Forsythe's option is for $8.5 million, with a $1 million buyout. In 2017, he produced just 2.1 WAR, hitting .224/.351/.327. In the three years before that, he hit .262/.334/.419. Which player is he? As a 31-year-old middle infielder, $8.5 million might be a little expensive to find an answer to that question.
If the Dodgers don't pick up Forsythe's option, they'll be looking at a second base free-agent market headed up by Milwaukee's Neil Walker, with Cincinnati's Zack Cozart a possibility to shift from shortstop. Those options would be even more expensive than simply picking up Forsythe's option. Beyond that, the Dodgers are looking at a repeat of last winter, when they waited out the trade market for second basemen before dealing for Forsythe.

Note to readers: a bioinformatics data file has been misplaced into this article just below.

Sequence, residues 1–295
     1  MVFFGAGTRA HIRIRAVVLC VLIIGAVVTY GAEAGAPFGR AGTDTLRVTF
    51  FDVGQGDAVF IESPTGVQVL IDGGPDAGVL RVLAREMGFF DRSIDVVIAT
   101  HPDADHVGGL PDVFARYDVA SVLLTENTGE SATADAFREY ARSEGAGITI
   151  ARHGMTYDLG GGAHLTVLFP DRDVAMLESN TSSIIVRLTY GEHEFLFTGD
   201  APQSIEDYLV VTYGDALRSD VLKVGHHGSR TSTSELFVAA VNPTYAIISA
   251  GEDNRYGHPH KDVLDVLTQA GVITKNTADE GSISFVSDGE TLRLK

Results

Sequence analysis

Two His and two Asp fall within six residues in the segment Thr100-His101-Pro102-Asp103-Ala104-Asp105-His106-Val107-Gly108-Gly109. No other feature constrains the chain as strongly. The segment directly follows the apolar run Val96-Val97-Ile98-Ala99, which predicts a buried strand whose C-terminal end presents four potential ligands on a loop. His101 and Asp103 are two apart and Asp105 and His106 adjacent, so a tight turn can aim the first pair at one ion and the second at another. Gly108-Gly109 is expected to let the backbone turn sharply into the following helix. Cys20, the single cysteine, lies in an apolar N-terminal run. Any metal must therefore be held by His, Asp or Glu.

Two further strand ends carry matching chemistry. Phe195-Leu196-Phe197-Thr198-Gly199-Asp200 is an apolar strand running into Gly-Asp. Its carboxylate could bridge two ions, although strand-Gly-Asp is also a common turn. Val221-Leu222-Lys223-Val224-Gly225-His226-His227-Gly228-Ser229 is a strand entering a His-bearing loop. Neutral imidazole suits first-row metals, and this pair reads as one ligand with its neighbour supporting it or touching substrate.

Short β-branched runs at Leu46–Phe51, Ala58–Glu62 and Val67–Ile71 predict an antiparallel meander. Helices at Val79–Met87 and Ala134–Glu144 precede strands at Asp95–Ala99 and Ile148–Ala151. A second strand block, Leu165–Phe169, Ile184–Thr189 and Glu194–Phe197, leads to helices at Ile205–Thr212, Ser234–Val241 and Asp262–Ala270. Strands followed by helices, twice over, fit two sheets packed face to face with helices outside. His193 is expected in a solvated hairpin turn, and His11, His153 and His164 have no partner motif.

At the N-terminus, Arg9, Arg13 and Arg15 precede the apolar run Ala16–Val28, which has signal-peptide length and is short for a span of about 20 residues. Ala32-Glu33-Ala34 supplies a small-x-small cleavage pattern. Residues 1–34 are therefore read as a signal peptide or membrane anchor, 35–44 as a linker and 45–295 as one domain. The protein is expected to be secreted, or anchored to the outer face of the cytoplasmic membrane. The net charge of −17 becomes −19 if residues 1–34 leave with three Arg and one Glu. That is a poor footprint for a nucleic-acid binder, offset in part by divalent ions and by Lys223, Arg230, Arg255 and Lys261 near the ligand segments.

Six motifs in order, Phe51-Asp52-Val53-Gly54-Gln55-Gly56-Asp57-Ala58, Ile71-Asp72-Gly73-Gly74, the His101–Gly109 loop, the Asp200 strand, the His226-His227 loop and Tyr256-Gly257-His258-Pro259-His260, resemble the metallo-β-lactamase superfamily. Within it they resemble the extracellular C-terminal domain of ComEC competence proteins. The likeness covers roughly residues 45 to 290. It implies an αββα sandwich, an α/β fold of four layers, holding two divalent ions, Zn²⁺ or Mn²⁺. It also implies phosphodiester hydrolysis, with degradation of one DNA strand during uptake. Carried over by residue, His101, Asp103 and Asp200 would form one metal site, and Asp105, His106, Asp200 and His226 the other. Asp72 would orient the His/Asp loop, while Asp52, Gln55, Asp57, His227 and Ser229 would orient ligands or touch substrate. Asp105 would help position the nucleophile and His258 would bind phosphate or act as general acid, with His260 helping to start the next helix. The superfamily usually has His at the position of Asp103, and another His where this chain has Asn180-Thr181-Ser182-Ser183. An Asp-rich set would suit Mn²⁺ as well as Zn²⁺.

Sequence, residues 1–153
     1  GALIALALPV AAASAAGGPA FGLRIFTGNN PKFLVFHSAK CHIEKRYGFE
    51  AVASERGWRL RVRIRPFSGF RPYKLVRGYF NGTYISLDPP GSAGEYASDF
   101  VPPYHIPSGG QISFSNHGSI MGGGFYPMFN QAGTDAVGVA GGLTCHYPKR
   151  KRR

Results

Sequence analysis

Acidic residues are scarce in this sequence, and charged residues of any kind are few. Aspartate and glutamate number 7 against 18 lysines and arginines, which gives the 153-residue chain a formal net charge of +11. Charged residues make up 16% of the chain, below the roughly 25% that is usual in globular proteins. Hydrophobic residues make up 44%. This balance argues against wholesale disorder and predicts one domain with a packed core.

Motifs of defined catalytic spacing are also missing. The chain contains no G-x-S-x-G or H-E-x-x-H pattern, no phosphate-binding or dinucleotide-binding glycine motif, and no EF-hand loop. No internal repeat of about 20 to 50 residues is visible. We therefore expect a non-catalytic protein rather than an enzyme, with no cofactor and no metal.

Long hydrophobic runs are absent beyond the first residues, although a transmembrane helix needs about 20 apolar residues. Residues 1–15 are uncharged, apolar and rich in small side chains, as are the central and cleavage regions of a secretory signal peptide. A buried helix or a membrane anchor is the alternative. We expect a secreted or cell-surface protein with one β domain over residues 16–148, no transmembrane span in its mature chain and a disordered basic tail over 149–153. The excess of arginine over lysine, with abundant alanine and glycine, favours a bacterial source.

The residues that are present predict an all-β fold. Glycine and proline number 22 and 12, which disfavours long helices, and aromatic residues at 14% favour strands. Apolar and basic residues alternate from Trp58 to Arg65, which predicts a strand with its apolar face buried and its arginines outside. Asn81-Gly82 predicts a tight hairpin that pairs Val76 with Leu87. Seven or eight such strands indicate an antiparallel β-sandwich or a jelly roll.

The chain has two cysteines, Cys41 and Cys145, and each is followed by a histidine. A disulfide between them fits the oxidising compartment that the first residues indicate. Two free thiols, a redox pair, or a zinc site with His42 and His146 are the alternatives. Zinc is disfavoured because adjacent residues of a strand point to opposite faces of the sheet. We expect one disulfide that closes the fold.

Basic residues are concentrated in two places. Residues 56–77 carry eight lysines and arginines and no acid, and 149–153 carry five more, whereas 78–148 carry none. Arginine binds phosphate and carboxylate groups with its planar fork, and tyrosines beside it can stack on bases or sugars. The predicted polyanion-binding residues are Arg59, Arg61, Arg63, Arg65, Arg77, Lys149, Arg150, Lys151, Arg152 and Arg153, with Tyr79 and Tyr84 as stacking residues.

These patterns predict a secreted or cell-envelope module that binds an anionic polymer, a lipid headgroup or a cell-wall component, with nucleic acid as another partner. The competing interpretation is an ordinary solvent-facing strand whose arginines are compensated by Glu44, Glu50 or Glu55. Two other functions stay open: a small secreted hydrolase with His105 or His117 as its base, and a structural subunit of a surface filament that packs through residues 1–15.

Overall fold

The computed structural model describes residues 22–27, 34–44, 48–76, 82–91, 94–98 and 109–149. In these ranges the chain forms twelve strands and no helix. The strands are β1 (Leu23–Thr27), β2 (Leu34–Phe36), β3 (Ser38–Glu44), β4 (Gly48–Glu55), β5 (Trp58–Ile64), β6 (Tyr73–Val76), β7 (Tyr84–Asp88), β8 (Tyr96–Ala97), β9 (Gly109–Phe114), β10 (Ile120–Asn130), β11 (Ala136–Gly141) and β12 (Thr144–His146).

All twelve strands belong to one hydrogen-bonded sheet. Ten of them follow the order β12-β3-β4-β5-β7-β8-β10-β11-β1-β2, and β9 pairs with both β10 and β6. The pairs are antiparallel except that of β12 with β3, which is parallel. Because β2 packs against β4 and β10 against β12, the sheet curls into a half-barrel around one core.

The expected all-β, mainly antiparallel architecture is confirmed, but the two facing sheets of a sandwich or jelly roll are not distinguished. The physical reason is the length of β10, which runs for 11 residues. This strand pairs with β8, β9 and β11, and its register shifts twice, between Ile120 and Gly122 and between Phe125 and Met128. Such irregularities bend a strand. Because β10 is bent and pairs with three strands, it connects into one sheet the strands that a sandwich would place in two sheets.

Finally, the Dodgers will have to figure out how to dispatch with Adrian Gonzalez and the $22.4 million left on his deal for 2018. You don't want to bring him back as a reserve, you don't have a position for him and his trade market is probably nil. In the end, the Dodgers are probably looking at eating a hunk of money.
What needs upgrading
The Dodgers could use more certainty at second base, but as we've covered, their options there aren't overwhelming. If Forsythe doesn't return, maybe you could cover second with some combination of Charlie Culberson, Enrique Hernandez and Chris Taylor, but you'd still need to add a lefty hitter to the mix. (Beyond Utley.)
With Taylor solving the center-field hole, the Dodgers now need to work on adding to their corner outfield mix. Joc Pederson moving around into that rotation now seems like a pretty good option, given his World Series play, but he'll have to show that wasn't a small-sample fluke. He could also be one of L.A.'s more alluring trade chips.